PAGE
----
The way in which male spectators understand and respond to competitors’ bodies is telling. Writing about ‘masculinised’ women athletes in Weimar Germany, Katie Sutton discusses male responses to the anxieties provoked by these women, and their reactions are instantly recognisable to the modern viewer:

[Cultural commentators] responded to the symbolic threat of the ‘masculinised’ female athlete by devising strategies through which to defuse her subversive potential. One of the most straightforward methods of containment was caricature and ridicule.

Jetta Rae, a trans woman who has worked in the porn and wrestling industries in the US, sees a close tie between them in terms of treatment of participants, particularly women: ‘Porn producers and wrestling promoters profit from performers’ ability to care for and condition their bodies — their most precious asset — but fail to provide the resources or protections to preserve those bodies.’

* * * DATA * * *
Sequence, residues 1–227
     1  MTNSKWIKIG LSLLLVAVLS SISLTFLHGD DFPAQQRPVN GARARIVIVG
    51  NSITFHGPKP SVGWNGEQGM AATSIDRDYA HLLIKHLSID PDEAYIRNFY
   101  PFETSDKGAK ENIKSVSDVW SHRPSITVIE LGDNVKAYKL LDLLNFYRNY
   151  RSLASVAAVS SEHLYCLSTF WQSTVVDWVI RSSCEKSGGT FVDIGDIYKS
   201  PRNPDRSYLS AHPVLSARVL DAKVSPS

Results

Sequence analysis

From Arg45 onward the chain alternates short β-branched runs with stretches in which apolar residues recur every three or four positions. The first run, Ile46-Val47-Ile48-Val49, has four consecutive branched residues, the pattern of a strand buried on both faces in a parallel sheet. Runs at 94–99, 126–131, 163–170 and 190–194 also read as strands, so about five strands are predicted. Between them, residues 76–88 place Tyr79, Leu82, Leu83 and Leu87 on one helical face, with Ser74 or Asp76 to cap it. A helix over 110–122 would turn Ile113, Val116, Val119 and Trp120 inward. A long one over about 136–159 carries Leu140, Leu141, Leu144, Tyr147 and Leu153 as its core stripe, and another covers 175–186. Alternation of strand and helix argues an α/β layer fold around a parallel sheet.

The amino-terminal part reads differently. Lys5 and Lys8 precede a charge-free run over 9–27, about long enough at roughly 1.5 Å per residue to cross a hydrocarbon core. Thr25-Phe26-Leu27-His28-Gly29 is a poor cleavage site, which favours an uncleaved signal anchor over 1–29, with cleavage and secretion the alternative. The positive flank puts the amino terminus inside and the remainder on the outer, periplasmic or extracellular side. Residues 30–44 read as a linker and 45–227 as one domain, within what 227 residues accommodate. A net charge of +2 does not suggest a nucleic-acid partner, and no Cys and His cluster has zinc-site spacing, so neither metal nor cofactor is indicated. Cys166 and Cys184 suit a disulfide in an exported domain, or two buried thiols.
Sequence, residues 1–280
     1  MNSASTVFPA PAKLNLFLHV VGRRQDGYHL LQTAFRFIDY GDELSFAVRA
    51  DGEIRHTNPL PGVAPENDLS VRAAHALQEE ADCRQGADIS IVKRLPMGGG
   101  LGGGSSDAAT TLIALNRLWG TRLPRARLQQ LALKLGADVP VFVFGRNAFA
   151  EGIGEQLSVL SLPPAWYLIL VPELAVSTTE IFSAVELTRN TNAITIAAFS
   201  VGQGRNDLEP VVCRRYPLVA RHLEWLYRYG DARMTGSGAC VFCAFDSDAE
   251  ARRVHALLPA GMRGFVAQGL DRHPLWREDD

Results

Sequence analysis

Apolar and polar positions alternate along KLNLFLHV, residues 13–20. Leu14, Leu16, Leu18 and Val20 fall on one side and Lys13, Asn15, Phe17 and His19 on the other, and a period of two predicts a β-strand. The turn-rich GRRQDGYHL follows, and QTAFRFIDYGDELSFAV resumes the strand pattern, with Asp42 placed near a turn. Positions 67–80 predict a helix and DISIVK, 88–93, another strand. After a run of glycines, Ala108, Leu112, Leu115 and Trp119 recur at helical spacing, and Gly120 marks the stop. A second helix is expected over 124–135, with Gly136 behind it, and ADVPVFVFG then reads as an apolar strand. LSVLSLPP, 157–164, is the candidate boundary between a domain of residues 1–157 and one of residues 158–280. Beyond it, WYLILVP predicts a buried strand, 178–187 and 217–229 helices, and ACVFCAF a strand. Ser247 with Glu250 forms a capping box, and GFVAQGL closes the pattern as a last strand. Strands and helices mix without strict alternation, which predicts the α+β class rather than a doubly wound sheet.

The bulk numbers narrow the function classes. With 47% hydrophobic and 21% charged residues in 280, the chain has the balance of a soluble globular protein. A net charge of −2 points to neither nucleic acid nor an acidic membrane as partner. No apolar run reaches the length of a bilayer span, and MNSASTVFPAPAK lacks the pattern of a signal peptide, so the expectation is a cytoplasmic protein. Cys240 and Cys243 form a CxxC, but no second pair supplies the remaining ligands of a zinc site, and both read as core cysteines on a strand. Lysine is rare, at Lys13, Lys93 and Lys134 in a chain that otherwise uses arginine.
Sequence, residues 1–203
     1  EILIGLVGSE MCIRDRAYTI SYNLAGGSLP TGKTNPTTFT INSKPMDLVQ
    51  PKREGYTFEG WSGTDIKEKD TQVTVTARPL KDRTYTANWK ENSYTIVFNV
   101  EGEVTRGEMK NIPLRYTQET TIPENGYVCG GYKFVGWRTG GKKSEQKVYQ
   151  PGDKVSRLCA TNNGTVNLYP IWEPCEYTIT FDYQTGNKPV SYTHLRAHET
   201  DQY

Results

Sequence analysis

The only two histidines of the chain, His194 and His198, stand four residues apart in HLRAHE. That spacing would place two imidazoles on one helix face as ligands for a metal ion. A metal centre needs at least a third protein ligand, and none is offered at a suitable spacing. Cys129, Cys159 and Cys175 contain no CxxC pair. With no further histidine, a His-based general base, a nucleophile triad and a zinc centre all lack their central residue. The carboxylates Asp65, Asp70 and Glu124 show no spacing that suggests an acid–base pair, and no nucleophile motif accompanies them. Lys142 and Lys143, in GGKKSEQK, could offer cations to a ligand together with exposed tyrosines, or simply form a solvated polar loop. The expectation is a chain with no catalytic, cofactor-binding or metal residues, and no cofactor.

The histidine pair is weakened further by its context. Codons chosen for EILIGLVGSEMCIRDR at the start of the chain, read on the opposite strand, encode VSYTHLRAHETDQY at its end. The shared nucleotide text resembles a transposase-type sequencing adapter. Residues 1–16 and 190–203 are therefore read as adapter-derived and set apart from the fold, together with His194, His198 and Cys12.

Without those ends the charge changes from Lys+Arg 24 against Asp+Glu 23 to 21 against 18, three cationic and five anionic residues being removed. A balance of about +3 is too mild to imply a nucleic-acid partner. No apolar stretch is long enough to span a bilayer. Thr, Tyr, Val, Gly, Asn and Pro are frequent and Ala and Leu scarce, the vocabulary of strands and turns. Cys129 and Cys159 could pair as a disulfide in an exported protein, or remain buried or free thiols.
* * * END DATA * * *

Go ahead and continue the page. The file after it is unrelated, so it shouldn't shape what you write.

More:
The GLOW documentary reveals the ongoing impact of wrestling on the women’s physical health. Rather than competing in a real arena, the women were forced to wrestle in a plywood ring covered in carpet. Babe the Farmer’s Daughter says that training four hours in the morning and four hours in the afternoon was so hard she could barely walk: ‘They wanted to see if they could break you.’ Tina Ferrari describes director Matt Cimber manipulating the women like ‘an abusive husband’, with the women expected to smile through the pain. Matilda the Hun and Mountain Fiji both ended up in wheelchairs as a result of their wrestling. Matilda reveals the full ordeal their bodies endured:

Oh, people were hurt all the time … A lot of the girls ended up with permanent knee injuries. Susie Spirit ended up with her elbow poking out of her socket, looking like she’d never be able to use her arm again … I have degenerative disc disease — which ended up turning into numb feet and losing toes — I can’t stand for any length of time and now my hands are going numb.